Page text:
A Trump-appointed federal judge just threw out the administration's inhumane asylum ban

A Trump-appointed federal judge just threw out the administration's inhumane asylum ban
President Donald J. Trump meets U.S. Border Patrol Chief Rodney Scott as he walks along the completed 200th mile of new border wall Tuesday, June 23, 2020, along the U.S.-Mexico border near Yuma, Ariz. (Official White House Photo by Shealah Craighead)

In yet another major court loss for the Trump administration, a Trump-appointed judge on Tuesday struck down a 2019 policy that effectively halted asylum at the southern border and blocked thousands of Central Americans and others who didn’t first ask for protections in a nation they traveled through before reaching the U.S. The rule, plaintiffs said, “operated as a virtual ban on asylum at the southern border, regardless of how meritorious a person’s asylum claim was.”

Like in the recent Supreme Court decision finding impeached president Donald Trump illegally ended the Deferred Action for Childhood Arrivals (DACA) program, officials’ sloppiness was again to blame: “U.S. District Judge Timothy Kelly ... found the administration’s implementation of the so-called ‘third-country asylum rule’ unlawfully bypassed the Administrative Procedure Act, which requires the government to inform American citizens of changes and give them sufficient time and opportunity to respond to such a change,” Slate reported.

“In his 52-page decision, Judge Kelly … concluded that the Trump administration ‘unlawfully dispensed’ with notice-and-comment requirements in issuing the rule,” plaintiffs said in a statement. “He further announced that his decision would go into effect immediately, promptly ending application of a restrictive rule that has been in effect for nearly a year and impacted thousands of asylum seekers.”

BuzzFeed News’ Adolfo Flores reports that among the families that were affected by the inhumane policy were Venezuelan asylum-seekers Branly and his teen daughter Branyerly, who asked for protections at the southern border just days after the administration implemented the rule. “Branly, 47, who declined to use his full name out of fear, and his then-17-year-old daughter applied for asylum at the border on July 27. But because of the so-called transit ban, they were ineligible for asylum,” the report said.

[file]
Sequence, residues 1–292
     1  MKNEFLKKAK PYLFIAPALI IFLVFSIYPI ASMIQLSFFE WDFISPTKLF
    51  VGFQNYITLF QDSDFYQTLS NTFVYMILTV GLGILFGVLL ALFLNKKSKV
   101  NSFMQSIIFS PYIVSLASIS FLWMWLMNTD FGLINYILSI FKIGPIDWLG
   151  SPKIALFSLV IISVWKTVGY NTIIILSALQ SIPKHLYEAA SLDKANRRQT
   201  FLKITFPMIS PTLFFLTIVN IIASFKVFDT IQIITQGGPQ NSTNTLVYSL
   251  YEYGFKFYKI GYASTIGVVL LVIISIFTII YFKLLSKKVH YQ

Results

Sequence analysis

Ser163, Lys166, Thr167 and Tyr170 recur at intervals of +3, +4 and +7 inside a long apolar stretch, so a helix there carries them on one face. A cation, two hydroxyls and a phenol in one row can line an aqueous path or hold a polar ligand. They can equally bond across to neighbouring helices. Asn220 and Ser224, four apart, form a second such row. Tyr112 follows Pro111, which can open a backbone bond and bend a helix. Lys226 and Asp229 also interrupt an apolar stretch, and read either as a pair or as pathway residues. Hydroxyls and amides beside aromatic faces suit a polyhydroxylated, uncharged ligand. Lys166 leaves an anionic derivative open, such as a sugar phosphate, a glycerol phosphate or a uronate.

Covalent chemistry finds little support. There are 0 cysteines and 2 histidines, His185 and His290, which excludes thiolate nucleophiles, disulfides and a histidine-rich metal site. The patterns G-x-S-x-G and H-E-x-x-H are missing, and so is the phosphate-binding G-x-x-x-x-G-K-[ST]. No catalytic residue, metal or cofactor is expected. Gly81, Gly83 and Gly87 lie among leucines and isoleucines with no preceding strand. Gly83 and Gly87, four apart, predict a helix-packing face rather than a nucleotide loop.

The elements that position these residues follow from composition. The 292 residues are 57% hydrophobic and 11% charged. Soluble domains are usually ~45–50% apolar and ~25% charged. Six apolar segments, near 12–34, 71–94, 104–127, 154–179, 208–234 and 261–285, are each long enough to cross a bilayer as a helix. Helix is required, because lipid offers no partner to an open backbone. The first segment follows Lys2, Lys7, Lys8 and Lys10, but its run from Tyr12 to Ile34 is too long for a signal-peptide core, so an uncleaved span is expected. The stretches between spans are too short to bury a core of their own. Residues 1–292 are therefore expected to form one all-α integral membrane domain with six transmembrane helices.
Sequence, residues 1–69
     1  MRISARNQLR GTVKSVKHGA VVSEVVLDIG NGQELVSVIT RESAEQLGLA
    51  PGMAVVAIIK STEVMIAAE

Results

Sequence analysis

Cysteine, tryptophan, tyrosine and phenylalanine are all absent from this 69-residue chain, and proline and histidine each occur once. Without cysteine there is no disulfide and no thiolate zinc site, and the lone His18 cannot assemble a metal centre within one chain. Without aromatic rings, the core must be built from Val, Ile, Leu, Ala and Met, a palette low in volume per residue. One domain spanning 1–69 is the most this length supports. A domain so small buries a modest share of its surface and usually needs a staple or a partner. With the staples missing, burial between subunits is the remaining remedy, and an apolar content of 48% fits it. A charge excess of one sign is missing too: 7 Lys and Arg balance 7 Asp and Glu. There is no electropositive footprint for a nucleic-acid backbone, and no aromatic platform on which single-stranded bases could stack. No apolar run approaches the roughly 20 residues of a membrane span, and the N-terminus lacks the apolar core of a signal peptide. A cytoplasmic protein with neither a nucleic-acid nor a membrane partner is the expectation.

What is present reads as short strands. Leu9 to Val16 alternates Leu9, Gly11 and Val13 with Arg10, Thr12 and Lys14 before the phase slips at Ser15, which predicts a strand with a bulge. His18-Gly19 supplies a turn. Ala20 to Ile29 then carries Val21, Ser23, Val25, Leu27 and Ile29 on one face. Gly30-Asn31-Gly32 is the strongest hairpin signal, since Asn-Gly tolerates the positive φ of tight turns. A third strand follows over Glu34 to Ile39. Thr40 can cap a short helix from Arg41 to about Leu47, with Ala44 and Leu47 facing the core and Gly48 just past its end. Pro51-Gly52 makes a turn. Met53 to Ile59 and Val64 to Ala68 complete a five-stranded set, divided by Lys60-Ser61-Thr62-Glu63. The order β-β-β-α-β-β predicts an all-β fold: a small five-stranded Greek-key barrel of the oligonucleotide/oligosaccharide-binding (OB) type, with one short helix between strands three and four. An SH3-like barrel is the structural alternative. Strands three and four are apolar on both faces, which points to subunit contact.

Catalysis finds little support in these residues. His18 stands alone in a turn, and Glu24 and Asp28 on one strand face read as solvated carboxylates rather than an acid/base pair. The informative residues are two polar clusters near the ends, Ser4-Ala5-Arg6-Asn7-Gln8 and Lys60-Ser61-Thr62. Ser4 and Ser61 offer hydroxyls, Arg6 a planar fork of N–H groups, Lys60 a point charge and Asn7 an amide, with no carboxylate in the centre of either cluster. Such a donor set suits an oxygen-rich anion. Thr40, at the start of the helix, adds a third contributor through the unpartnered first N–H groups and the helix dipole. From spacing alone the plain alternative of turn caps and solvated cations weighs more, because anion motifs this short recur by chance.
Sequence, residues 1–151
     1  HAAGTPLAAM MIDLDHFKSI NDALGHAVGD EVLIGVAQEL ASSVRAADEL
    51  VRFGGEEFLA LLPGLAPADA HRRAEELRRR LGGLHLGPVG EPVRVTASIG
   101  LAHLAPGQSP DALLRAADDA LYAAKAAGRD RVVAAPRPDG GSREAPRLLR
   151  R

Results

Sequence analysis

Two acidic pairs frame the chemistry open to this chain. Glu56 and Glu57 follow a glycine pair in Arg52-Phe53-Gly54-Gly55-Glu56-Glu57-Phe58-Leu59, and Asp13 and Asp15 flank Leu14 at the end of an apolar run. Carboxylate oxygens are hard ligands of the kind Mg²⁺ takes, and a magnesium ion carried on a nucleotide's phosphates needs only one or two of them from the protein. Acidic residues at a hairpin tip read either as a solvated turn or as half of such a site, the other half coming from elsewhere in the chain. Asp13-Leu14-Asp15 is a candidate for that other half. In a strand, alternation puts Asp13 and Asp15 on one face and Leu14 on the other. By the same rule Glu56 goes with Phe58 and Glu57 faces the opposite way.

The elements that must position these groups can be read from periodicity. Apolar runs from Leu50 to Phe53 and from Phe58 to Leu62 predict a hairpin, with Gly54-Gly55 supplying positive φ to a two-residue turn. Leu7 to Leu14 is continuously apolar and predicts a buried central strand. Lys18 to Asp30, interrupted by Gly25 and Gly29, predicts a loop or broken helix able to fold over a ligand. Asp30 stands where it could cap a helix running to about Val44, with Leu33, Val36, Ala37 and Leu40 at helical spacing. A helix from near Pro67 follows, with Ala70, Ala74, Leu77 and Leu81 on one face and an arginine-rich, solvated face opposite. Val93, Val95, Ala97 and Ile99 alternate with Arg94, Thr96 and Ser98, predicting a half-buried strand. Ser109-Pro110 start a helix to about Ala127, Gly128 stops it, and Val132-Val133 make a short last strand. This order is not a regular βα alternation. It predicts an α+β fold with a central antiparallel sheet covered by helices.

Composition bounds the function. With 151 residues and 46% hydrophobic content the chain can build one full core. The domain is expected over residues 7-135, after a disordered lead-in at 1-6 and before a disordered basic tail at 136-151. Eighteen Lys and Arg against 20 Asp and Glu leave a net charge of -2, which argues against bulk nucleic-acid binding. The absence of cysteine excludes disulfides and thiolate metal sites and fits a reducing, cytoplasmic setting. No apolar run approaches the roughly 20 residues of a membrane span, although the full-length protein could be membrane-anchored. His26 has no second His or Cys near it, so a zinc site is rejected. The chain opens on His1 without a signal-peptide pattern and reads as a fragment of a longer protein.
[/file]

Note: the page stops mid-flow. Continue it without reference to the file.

While an immigration judge eventually let the dad to stay in the U.S. (though still blocked him from seeking full asylum protections), the family was separated when the teen was denied any protection at all and forced to wait in Mexico. ”In another case an immigration judge granted a mother from Venezuela who was attacked for protesting against the Maduro administration the ability to stay in the US—but not her three children,” Flores tweeted.

“Many thousands of individuals who entered the country while this rule was in effect will now have the opportunity, for the first time, to have their asylum claims adjudicated,” plaintiffs commented. But, other asylum-seekers may not be so fortunate. Vox immigration reporter Dara Lind tweeted, “As ruling notes, this doesn’t really change current border policy, since everyone is getting turned back without a chance to apply for asylum anyway.”

Lind is referring to the Stephen Miller-led public health order that’s using the novel coronavirus pandemic as an excuse to block asylum for thousands of adults and children at the southern border. That order is also facing a court challenge, with another Trump-appointed judge temporarily blocking a Honduran teen’s deportation under the order as litigation continues.

Advocates celebrated the significant victory Tuesday night. “By striking down this rule, Judge Kelly reaffirmed two fundamental principles,” CAIR Coalition litigation director Claudia Cubas said. “The protection of asylum seekers fleeing for safety is intertwined with our national values and that the United States is a country where the rule of law cannot be tossed aside for political whims. For many of the individual asylum seekers we fight alongside, this ruling removes an unjust barrier to security.”


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